Driving around curved roads at higher speeds takes skill and clear thinking. You'll have less reaction time and your car will handle differently.
Where should you practise this?
Plan a route that includes areas with speed limits above 50 km/h, and has both left and right curves. Open roads work well.
When driving around curves at speeds over 50km/hr
As you come up to the curve, look as far around the curve as possible to figure out how tight it is.
Look out for a recommended speed sign and slow down before you reach the curve to give you more control. The sharper the curve, the more you'll need to slow down.
Check your mirrors for following traffic before you slow down for the curve.
Position your car before the curve. You want to be more to the left for a right-hand curve, and more to the right for a left-hand curve.
Change down gears (if you need to) before the curve.
Keep to the left of the centreline. It's illegal to cross the centreline on a curve because you could cause a head-on crash.
Once you're into the curve, keep looking as far around the curve as possible. This gives you time to react to hazards and helps you take the best and smoothest course through the curve.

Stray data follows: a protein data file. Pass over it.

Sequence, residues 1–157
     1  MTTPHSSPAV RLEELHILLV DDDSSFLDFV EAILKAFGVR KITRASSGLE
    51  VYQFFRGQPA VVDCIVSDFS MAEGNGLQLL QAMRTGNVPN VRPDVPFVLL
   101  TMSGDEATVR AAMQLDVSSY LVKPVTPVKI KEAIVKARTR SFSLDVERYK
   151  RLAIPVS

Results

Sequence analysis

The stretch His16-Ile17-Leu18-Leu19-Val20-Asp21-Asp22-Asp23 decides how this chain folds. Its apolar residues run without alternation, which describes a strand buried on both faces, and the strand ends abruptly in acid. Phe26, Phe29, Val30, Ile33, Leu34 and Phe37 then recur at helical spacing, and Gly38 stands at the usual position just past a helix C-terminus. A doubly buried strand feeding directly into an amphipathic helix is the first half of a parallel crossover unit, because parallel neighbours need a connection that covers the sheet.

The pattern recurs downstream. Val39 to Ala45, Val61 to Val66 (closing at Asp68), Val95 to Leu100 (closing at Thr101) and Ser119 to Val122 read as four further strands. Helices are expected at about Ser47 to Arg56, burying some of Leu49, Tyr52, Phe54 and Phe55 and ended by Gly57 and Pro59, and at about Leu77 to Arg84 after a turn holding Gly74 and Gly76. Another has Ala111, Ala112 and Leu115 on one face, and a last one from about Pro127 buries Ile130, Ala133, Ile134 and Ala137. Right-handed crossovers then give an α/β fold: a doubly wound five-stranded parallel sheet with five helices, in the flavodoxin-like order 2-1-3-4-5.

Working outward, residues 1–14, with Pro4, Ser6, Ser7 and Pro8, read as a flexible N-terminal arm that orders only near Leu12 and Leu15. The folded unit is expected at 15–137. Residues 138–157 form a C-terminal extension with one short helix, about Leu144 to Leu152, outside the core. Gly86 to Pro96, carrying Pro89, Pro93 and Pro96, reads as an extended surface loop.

Unless you need to brake to slow down, keep gentle pressure on the accelerator to maintain speed through the curve. Don't coast. Then speed up smoothly as you come out of the curve and the road straightens.
After the curve, check your mirrors, adjust your speed and make sure you’re in the right position in your lane again.
More tips for driving around curves at higher speeds
Keep a safe gap from oncoming traffic and any roadside hazards.
Brake before the curve as braking on a curve reduces the stability of your car and its grip on the road. Be particularly careful if you’re driving a car with a high centre of gravity, like an SUV.
Keep the same speed around the curve unless it gets tighter or you entered the curve too quickly.
Keep in mind that on a road with a centreline you must be able to stop within the space of clear road ahead of you. On a road without a centreline you must be able to stop in half that distance.
If you’re driving through a series of downhill curves, brake firmly on the straight parts and more gently on the curve.